Waterproofing your home sounds complicated. It sounds expensive. We’ve convened the experts at House Manager, and they’ve assured us neither need be true. They insist that a home can be waterproofed at minimal cost in a single weekend.
Let’s start at the beginning. Waterproofing is a critical part of a complete home maintenance plan. Being proactive is the key. Minor leaks can lead to dry rot. Dry rot can adversely impact your home’s foundation. An adversely impacted home foundation is expensive.
For most homeowners, keeping water out of the house primarily involves making sure the roof, windows, and doors are in good repair. It’s an inside/outside job, and it can be done efficiently, effectively, and quickly.
What are you doing this weekend? Let’s do this, together.
Exteriors Take a Beating. Here’s How to Fight Back.
Start with your home’s exterior. It’s essentially a three-step process. (No previous experience required.)
- Step 1: Extreme weather can take a toll on your home’s exterior. Between winter’s rains and summertime’s mixture of sun and fog, it would be a miracle if cracks didn’t develop in the siding or door and window trim. The key is to seal those cracks before they create larger problems. Paintable latex caulk labeled for exterior use will do the trick. For gaps larger than a quarter inch in length, you’ll want to consider using a plastic foam filler to ensure a thorough seal. (Estimated time: three hours)
- Step 2: Check your exterior paint job. Paint is more than cosmetic. It acts as a sealant, protects your home’s wood siding, and helps prevent water from getting into the home. If there are cracks in the paint, it’s easy enough to touch them up yourself. (Estimated time: three hours)
- Step 3: Time to hit the roof. If your roof is like most, it contains ventilation pipes and other openings that were sealed when the home was built to prevent water intrusion. (Nobody likes a leaky attic.) The materials used to seal the openings erode over time. It’s a perfectly natural occurrence, but it should be addressed before a little minor erosion develops into a major problem. You’ll need access to your roof and some roof sealant. While you’re up there, check for other signs of wear and tear. Depending on the roof, this may include tears in rubber membranes, cracks in tin roofs, or compromises in the plywood structure. (Estimated time: three and a half hours).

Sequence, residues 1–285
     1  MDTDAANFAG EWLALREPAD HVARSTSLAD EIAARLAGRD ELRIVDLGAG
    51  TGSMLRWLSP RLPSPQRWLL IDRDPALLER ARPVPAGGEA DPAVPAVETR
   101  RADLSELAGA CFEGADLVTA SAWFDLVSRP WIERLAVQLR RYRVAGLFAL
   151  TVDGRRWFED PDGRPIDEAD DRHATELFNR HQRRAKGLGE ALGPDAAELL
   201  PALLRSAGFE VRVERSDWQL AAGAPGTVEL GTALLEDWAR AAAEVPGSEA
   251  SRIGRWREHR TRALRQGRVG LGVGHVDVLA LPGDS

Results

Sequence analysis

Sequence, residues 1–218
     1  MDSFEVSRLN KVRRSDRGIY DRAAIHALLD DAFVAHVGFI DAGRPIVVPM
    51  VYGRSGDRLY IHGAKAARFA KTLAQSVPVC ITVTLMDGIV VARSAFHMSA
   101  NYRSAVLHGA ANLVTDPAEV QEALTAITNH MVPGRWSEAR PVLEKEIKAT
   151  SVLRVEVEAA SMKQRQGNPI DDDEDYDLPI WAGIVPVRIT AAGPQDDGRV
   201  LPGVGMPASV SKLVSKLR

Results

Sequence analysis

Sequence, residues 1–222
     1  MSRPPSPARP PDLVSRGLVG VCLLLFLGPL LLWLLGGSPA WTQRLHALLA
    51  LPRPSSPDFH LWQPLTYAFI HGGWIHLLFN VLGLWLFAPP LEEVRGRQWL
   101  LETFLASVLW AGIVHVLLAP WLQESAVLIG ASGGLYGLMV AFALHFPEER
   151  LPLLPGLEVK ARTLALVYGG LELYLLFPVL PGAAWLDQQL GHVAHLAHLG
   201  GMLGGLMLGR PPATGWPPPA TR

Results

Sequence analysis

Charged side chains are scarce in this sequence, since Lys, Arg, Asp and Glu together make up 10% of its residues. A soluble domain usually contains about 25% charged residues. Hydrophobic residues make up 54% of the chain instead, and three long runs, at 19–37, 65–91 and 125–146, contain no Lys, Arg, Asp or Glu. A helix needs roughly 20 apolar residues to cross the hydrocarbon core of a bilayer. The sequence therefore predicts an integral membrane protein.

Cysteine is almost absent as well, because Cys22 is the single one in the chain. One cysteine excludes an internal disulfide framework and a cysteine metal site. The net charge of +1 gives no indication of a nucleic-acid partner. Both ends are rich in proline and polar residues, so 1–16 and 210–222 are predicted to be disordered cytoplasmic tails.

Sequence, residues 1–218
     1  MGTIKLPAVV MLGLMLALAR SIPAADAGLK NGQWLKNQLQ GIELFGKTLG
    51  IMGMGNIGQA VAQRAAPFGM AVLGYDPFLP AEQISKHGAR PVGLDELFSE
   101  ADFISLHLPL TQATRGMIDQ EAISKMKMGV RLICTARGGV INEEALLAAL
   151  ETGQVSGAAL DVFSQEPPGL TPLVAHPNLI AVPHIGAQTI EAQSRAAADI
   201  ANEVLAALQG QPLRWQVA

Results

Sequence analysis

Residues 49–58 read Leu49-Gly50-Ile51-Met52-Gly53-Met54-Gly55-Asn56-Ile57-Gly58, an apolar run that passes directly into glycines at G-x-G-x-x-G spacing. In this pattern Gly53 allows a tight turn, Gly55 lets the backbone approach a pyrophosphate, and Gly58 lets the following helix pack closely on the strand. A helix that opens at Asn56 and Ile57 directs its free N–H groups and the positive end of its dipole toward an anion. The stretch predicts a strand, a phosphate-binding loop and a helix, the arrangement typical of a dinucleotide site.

Pro tip: Your willingness to tackle the roof is impressive, but there may be a limit to what you can spot and repair yourself. (You also may not be willing to climb up on a ladder and tackle the roof yourself.) Either way, for best results we recommend having a professional inspect your roof every five years.
Sealing the Deal: It’s an Inside Job, Too.
Let’s move inside, where water fixtures are the primary water risk. Make no mistake: waterproofing your sinks, showers, and bathtubs is as critical to keeping water out of the home as waterproofing the roof and siding.
We like to think of interior waterproofing as an easily executed two-step task:
- Step 1: Use a high-quality silicone caulk to seal your sinks, showers, and bathtubs. Pay extra close attention to the corners inside the tub or shower. Never caulked before? It’s as easy as 1) Using a caulking gun to apply a single bead of caulk along the bottom of the shower or tub, 2) Using your finger to wipe the caulk and push it into the gaps, and 3) Smoothing out the caulk with a slightly moist sponge. (Estimated time: two hours)
- Step 2: Let’s move to the kitchen, where the goal is to prevent water from leaking into either the wall or under-the-counter cabinets. Gaps between the sink, countertop, and backsplash are the biggest culprits. It doesn’t take a sleuth to spot them or a waterproofing expert to repair them. You’ll need your silicone caulk and your caulking gun. That’s it. (Estimated time: two hours)
What About Water in the Basement?
Most homeowners will tell you it’s not a question of if water will seep into the basement, it’s a question of when. Typical causes include condensation, runoff, and groundwater swelling. Solutions depend on both the cause and extent of the problem and may take more than a weekend to repair.
What you can do this weekend is check for dampness, mustiness, and other outward signs water may have crept into the basement (30 minutes). You can also check the grading around your home, downspouts for any leaks or pooling, and even cracks in the driveway (30 minutes). If you still have a few hours to kill, sealers are available for coating basement walls and floors (two hours).
Jack Masters, a waterproofing consultant and author of the book “The Original Waterproofing Handbook,” says that the vast majority of the time, an interior fix is more effective than an exterior fix.
Rain will fall, water will collect, but that doesn’t mean you have to be a sitting duck. We mentioned the importance of having your roof periodically inspected. Inspecting your bathroom, kitchen, roof, and siding annually is a critical part of your home’s long-term waterproofing needs. The good news is that staying on top of those needs doesn’t take a lot of time and the only handyman you need is you. If you choose to outsource any of the work described in this piece, we recommend you take the time to hire a skilled contractor who is licensed to do the work, bonded and insured, and has reliable references.